Dementia blood test: New tool may detect disease risk a decade before signs show
Melbourne researchers have discovered a promising test which measures a person’s risk of developing dementia ten years before the disease begins to take effect.
The blood test measures brain inflammation, which is a predictor for brain disease.
Dr Matthew Pase from the Florey Institute of Neuroscience and Mental Health said test is “really promising”, and could be the breakthrough needed for the development of drugs to treat the disease.
“One of the major problems with developing drugs for Alzheimer disease and other types of dementia is it’s very hard to tell who is at an increased risk and who might be suitable to go into studies to try and develop new drugs,” he told 3AW’s Kate and Quarters.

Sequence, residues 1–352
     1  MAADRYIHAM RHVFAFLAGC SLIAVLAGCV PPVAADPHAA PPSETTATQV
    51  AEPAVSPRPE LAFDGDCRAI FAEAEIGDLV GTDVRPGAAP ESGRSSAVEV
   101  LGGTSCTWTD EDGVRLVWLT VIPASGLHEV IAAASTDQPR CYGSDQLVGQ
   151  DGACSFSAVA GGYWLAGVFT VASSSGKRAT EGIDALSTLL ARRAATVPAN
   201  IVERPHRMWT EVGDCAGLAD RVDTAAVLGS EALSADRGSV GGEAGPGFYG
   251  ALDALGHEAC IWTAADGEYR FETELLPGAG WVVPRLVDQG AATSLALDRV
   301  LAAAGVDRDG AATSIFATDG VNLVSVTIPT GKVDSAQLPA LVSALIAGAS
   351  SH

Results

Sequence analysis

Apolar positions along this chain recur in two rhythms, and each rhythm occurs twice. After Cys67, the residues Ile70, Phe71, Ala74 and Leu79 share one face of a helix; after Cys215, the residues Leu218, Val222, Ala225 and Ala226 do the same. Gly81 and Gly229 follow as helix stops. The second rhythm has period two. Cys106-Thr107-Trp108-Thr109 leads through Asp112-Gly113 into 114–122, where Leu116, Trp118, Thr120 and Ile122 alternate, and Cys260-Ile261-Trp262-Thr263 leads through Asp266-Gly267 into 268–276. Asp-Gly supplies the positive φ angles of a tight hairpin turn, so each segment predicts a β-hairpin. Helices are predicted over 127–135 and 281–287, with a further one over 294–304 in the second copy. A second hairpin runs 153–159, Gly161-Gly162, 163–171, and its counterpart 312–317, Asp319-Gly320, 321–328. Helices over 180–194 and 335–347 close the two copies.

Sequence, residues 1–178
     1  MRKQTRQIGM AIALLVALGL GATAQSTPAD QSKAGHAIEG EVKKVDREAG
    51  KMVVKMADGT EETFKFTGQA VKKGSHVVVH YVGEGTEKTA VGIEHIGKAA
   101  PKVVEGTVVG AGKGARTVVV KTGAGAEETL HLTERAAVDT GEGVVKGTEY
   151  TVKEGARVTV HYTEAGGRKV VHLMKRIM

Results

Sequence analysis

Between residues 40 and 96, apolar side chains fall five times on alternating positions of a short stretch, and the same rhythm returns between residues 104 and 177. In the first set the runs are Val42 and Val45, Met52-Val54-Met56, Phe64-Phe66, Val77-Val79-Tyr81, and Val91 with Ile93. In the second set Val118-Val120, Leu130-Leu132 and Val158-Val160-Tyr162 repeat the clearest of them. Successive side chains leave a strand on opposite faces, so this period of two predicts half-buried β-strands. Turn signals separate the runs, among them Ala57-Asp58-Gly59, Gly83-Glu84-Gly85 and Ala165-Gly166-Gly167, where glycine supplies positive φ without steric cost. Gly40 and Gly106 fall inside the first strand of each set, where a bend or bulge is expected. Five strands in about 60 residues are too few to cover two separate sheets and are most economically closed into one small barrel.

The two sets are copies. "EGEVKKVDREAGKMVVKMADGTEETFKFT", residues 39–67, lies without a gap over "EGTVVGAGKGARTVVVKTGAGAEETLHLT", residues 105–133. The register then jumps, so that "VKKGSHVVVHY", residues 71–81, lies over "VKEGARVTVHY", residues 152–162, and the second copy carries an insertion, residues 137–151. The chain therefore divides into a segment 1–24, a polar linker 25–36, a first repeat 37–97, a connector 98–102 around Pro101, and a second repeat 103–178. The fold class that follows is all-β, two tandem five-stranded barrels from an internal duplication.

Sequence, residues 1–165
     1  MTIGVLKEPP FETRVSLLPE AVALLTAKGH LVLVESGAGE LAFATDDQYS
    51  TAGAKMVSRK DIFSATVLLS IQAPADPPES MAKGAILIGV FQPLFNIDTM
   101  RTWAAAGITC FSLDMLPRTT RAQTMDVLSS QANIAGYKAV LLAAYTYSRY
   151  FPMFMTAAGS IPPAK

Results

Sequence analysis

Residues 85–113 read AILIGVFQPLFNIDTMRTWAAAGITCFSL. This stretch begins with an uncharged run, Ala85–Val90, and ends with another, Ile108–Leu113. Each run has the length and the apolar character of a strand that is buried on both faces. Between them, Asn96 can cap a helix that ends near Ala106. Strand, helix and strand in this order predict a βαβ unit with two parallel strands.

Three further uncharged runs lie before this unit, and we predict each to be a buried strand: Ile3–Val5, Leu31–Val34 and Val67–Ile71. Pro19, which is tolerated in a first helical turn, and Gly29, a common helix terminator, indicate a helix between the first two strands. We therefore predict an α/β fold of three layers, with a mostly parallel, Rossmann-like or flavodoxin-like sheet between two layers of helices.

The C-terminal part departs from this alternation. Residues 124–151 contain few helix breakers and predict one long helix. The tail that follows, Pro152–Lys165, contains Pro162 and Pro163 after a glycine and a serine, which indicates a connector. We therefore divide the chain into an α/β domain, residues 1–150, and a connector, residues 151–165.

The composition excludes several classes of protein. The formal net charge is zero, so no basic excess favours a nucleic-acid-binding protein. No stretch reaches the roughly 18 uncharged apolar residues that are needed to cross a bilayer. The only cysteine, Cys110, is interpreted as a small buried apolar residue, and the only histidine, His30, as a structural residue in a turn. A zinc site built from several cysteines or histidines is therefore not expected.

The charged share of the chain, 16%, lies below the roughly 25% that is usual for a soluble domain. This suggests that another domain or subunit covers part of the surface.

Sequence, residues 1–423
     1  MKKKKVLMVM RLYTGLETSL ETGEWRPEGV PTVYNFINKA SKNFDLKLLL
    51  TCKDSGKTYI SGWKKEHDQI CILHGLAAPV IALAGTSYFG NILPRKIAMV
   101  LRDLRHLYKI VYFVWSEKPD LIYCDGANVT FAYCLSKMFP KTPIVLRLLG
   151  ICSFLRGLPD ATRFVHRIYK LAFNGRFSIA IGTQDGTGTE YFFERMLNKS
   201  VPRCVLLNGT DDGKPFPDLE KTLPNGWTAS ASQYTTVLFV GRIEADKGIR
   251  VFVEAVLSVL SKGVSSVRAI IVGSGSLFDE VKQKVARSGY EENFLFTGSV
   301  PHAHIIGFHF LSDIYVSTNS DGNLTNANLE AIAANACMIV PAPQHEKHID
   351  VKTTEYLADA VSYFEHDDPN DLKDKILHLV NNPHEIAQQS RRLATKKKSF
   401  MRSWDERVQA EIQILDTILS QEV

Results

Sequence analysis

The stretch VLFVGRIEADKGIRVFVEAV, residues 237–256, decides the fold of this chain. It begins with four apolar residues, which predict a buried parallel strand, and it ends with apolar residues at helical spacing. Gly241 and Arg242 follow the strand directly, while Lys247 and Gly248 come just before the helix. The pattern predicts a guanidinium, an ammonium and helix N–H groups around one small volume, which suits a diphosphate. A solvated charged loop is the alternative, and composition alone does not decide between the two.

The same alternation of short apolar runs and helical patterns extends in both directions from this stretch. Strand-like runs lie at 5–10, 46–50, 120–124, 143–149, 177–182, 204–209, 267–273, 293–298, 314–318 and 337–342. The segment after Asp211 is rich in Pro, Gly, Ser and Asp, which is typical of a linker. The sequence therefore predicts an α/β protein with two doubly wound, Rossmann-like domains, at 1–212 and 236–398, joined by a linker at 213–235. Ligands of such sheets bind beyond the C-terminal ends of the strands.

“By combining different measures we think are associated with an increased risk we might be able to get a better picture of who is at risk and who is not.”
In testing, Melbourne researchers found people with the highest level of inflammation markers were 38 per cent more likely to develop dementia in 10 years than those with lower inflammation levels.
But the blood test won’t be available to the public in the near future.
“This is a really promising area of research but certainly it’s still early days before something like this is available for the public,” Dr Pase said.
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